Sunday, 19 June 2016

NUS launches new school to promote lifelong learning opportunities

School of Continuing and Lifelong Education to offer programmes that 'stack up' towards degrees; other universities to follow
By Calvin Yang, The Straits Times, 18 Jun 2016

Adult learners looking to stay relevant in a rapidly evolving economy can soon take up bite-sized certificate programmes, which can be "stacked up" towards degrees, from specialised learning centres in five universities here.

The National University of Singapore (NUS) yesterday was the first to launch its lifelong learning centre, the School for Continuing and Lifelong Education (SCALE).

The $12 million initiative will start with four part-time engineering degrees, in fields such as chemical engineering and electronic engineering.

There are also plans to offer certificate programmes, which can be accumulated towards the degrees. About 10 such skills-based courses, each consisting of six modules, on topics such as microelectronics and automation, are expected to be introduced by the school in August.

SCALE aims to offer at least 10 degrees and more than 30 certificate programmes in the next few years.

Nanyang Technological University, Singapore Management University, the Singapore University of Technology and Design, and Singapore Institute of Technology will also set up their own centres dedicated to lifelong learning, said Acting Minister for Education (Higher Education and Skills) Ong Ye Kung at the launch event.

"Just as learning does not stop after school, the universities' role in education does not stop after graduation," he said. "Centres such as SCALE are seedlings that will grow into key nodes of a network of national SkillsFuture centres."

SkillsFuture is a national drive to provide Singaporeans with opportunities to develop themselves to their fullest potential throughout life, regardless of where they started from.

In time, the network will include other institutes of higher learning and private training providers, such as those offering Workforce Skills Qualifications courses, Mr Ong said.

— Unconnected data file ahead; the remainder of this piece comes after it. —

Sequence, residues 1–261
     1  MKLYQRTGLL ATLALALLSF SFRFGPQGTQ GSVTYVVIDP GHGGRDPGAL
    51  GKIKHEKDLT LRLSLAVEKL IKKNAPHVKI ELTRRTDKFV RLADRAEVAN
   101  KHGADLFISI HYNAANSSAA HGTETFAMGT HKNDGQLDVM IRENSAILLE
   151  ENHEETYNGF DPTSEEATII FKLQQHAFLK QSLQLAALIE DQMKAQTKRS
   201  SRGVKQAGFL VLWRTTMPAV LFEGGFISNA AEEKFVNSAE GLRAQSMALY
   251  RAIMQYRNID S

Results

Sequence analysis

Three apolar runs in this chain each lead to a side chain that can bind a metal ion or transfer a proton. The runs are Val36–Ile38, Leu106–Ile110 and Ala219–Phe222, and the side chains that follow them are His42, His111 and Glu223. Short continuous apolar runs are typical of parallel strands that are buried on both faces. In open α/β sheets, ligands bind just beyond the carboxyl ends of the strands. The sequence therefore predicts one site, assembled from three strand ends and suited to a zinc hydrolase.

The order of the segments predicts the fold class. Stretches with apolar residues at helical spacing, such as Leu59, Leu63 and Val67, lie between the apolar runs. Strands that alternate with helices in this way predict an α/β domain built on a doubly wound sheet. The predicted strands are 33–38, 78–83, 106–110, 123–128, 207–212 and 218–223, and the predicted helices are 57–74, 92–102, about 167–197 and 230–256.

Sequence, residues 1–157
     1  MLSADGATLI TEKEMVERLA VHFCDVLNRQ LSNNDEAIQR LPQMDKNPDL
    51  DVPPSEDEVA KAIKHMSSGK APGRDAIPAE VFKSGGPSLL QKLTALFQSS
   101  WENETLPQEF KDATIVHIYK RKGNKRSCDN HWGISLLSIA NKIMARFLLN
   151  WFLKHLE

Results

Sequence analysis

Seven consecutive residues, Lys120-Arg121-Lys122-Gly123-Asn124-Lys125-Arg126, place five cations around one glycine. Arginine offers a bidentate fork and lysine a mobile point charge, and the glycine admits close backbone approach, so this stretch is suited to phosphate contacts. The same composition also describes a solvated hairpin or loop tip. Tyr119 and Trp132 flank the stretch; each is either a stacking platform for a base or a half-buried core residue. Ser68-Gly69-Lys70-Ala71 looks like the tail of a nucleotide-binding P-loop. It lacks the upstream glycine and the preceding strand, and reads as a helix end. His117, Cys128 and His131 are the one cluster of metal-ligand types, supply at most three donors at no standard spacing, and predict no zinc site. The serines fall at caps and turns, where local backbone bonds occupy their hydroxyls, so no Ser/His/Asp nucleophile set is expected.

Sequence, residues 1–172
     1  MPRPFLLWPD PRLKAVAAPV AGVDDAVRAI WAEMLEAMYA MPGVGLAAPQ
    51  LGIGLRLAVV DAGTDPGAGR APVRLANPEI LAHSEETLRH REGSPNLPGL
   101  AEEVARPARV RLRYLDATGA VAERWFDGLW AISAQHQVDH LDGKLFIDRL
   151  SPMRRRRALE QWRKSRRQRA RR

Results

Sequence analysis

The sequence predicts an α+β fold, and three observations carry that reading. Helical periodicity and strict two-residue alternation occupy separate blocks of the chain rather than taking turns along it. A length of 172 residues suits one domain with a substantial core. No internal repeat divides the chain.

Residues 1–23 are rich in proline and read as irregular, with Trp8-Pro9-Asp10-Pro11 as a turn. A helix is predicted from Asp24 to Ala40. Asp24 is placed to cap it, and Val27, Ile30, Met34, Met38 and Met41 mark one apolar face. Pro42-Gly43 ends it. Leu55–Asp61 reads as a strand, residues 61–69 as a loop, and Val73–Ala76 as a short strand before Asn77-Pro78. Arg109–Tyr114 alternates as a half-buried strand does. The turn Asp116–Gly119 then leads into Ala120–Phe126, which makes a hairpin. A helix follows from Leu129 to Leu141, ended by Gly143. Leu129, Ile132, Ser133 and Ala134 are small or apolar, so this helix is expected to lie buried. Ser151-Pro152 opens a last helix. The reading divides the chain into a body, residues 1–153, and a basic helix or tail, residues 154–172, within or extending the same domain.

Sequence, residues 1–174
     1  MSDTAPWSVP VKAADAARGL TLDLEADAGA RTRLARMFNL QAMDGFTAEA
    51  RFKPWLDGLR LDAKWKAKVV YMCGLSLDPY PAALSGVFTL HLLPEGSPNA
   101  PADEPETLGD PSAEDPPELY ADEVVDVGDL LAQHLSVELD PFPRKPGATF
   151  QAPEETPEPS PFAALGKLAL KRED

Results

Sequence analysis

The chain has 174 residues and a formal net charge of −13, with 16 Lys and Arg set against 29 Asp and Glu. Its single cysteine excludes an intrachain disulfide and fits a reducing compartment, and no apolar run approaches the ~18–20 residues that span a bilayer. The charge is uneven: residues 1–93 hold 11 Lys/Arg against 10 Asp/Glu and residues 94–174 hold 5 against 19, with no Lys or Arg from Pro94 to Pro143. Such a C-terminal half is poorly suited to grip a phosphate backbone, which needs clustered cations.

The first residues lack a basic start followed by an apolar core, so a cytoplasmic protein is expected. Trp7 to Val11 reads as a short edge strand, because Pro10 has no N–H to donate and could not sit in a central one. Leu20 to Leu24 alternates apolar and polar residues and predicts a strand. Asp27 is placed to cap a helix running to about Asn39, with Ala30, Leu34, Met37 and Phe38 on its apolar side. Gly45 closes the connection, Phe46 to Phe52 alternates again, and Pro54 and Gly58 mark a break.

However, he also stressed that "this is not to fuel a paper chase". Instead, it will be "an upgrade in real practical terms", such as in staying abreast of industry developments or deepening existing skills at work.

SCALE, which will take into account an individual's prior learning and work experience when considering applicants, will work closely with government agencies and industry partners to design courses.

Mr Ong said the delivery of the programmes must also consider the competing demands on an adult learner's time, such as family and career.

To help working adults juggle their studies with other commitments, SCALE will adopt a blended learning approach, which includes online lectures as well as discussions in class to go deeper into the concepts.

Professor Wei Kwok Kee, dean of the school, said the programmes will tap technology to cut down on the need to travel to school and promote better use of on-campus hours. These include tracking performance on online learning platforms and using the data to customise tutorials.

"We would like to make learning accessible and flexible for adult learners," he added.

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